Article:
Growing up, Los Angeles (and in general, Southern California) stood out to me as this Rivendell-esque type of place. It resonated with me much more than many other cities, since it was home to so many things I only found in bits and pieces elsewhere, from beaches to mountains to celebs to Disneyland. And when I visited Los Angeles at age 11 it didn’t disappoint, even if our cab driver drove off from the Getty Villa without my mom.

So at the end of last summer, just months after my 30th birthday, I packed up all of my things in my car and fulfilled a travel dream I’ve always had of driving the length of the Pacific Ocean coastline from Seattle down to Los Angeles. However, when I arrived in Los Angeles, I found myself never wanting to leave, and I haven’t, nor do I have plans to, as I have an affinity toward Los Angeles and creating a home life here like I’ve felt no other place. That’s right, this good ‘ole boy who grew up in rural North Carolina went Hollywood.

Read More

Anyone who follows me or knows anything about me knows that I love Vegas. But those who really know me also know that I’m not a club or casino guy. Maybe I’ll throw a $20 on the Blackjack table and put my winnings on the num. seven horse, but to me, the best of Vegas is found beyond the doors of its casinos and night clubs. There are a lot of places around the world that you can play Blackjack or get jiggy with it, but it’s not just anywhere that you can visit a speakeasy, ride in the world’s largest observation wheel, drive a bulldozer, or fly an airplane. Because these days, what happens in Vegas, goes on Instagram. So with that in mind, today I share a round-up of some of my favorite photos from Las Vegas.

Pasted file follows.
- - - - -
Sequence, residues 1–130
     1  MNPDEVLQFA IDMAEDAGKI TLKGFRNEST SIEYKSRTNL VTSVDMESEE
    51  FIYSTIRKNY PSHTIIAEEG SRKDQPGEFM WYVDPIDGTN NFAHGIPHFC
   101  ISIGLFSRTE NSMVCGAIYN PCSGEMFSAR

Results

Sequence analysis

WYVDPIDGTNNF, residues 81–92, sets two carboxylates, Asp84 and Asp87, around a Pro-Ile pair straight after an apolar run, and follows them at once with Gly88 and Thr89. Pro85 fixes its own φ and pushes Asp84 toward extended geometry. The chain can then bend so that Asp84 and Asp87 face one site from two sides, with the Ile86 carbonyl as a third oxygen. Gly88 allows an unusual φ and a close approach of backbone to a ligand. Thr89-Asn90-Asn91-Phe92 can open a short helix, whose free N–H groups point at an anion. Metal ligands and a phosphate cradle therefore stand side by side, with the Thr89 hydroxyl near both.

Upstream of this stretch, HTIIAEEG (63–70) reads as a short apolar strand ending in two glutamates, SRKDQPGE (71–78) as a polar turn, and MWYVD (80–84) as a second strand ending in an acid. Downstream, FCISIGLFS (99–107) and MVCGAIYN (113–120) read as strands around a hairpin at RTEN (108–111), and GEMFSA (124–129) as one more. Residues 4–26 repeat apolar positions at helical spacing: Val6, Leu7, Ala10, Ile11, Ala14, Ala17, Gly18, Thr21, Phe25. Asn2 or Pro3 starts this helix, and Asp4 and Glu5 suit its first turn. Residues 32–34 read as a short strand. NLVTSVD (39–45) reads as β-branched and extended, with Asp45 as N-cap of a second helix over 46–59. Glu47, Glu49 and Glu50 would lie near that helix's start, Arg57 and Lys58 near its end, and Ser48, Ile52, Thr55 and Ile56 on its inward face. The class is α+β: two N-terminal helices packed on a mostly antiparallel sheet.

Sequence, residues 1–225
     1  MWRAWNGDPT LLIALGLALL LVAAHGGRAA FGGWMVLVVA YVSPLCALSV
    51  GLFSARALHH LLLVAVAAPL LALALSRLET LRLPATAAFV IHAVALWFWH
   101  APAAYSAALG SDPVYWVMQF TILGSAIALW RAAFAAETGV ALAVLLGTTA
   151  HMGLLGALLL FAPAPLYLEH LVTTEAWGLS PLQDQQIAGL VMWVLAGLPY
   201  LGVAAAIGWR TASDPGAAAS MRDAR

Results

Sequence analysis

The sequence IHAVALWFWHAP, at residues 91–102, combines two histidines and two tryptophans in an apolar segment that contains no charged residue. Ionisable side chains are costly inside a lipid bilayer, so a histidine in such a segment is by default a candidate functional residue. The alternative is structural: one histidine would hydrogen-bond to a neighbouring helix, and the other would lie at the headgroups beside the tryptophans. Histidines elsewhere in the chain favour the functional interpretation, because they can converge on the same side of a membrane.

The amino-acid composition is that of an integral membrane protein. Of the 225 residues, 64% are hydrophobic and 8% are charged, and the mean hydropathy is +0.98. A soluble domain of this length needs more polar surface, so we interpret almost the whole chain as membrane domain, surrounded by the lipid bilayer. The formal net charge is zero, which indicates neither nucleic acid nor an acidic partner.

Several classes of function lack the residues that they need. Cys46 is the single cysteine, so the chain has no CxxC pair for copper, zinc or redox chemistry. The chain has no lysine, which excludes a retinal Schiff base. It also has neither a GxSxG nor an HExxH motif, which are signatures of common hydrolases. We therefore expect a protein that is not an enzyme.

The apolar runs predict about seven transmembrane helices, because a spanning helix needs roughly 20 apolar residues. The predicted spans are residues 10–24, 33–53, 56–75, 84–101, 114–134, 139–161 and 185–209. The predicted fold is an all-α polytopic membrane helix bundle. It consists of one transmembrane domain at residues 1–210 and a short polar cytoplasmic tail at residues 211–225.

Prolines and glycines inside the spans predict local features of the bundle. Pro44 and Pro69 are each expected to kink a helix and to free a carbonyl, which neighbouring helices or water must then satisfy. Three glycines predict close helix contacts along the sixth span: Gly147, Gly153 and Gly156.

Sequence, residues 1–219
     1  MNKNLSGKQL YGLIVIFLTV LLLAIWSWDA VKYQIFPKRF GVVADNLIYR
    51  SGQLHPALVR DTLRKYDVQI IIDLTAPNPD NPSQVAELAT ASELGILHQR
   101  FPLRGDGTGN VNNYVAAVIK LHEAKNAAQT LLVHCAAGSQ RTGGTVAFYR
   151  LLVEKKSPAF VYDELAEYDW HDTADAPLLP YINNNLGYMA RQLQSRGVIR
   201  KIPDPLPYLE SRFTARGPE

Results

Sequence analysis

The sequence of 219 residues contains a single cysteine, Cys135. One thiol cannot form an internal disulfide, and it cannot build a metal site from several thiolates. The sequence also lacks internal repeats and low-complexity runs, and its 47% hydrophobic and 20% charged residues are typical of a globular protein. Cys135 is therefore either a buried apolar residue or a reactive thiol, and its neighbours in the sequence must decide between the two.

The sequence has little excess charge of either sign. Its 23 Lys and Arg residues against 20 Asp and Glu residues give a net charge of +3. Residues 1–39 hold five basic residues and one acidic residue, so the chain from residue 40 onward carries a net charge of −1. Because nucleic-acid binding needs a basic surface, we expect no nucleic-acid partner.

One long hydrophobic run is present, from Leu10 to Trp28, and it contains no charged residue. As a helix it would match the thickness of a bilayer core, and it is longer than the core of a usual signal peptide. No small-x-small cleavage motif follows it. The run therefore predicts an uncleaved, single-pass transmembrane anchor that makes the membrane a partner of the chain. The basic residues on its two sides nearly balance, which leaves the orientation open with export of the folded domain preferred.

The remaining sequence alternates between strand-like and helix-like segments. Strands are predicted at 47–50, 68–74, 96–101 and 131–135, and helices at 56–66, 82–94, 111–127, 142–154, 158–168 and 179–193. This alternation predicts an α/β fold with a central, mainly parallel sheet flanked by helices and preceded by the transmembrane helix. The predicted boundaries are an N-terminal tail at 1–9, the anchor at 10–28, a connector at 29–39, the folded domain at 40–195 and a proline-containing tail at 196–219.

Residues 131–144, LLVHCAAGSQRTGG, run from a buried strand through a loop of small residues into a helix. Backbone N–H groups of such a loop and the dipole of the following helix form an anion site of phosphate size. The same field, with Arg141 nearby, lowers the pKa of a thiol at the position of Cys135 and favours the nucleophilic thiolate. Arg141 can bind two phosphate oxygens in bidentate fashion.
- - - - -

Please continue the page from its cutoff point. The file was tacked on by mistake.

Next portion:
Read More

I follow the sounds of a harmonica and banjo as I walk through the doors of Glacier Park Lodge, a 101-year-old lodge at the edge of Montana’s Glacier National Park. Greeted by a Rocky Mountain goat in front of me and three-story tall Douglas-fir columns towering above me, a fire crackles in the far corner as a male/female duo strums and sings “Wagon Wheel,” which only seems appropriate for this trip to Montana, since the song is about a hitchhiking journey through Middle America. A small group, both young and old, gathers around the couple, listening intently, while behind me, sitting around coffee tables are couples, families and kids engaging in a variety of activities, including games of Scrabble and Checkers, reading books and handwriting letters. The nostalgia and simplicity of the moment stops me dead in my tracks, where time seems to stand still, as a destination’s arts, culture and landscape intersects in a way that few destinations do.

Read More